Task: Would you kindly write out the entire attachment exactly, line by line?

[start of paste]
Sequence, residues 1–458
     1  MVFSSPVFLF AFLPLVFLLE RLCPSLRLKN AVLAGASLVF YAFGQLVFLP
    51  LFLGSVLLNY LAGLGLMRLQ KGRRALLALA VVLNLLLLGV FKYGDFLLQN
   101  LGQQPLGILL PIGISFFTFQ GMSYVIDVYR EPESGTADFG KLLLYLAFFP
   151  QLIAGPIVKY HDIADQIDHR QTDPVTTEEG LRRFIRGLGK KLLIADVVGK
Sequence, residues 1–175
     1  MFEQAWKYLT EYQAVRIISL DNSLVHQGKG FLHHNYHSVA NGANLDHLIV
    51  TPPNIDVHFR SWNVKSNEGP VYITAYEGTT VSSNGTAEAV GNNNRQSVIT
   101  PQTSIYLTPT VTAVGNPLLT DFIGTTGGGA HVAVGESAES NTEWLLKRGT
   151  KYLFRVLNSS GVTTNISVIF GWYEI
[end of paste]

Sequence, residues 1–458
     1  MVFSSPVFLF AFLPLVFLLE RLCPSLRLKN AVLAGASLVF YAFGQLVFLP
    51  LFLGSVLLNY LAGLGLMRLQ KGRRALLALA VVLNLLLLGV FKYGDFLLQN
   101  LGQQPLGILL PIGISFFTFQ GMSYVIDVYR EPESGTADFG KLLLYLAFFP
   151  QLIAGPIVKY HDIADQIDHR QTDPVTTEEG LRRFIRGLGK KLLIADVVGK
Sequence, residues 1–175
     1  MFEQAWKYLT EYQAVRIISL DNSLVHQGKG FLHHNYHSVA NGANLDHLIV
    51  TPPNIDVHFR SWNVKSNEGP VYITAYEGTT VSSNGTAEAV GNNNRQSVIT
   101  PQTSIYLTPT VTAVGNPLLT DFIGTTGGGA HVAVGESAES NTEWLLKRGT
   151  KYLFRVLNSS GVTTNISVIF GWYEI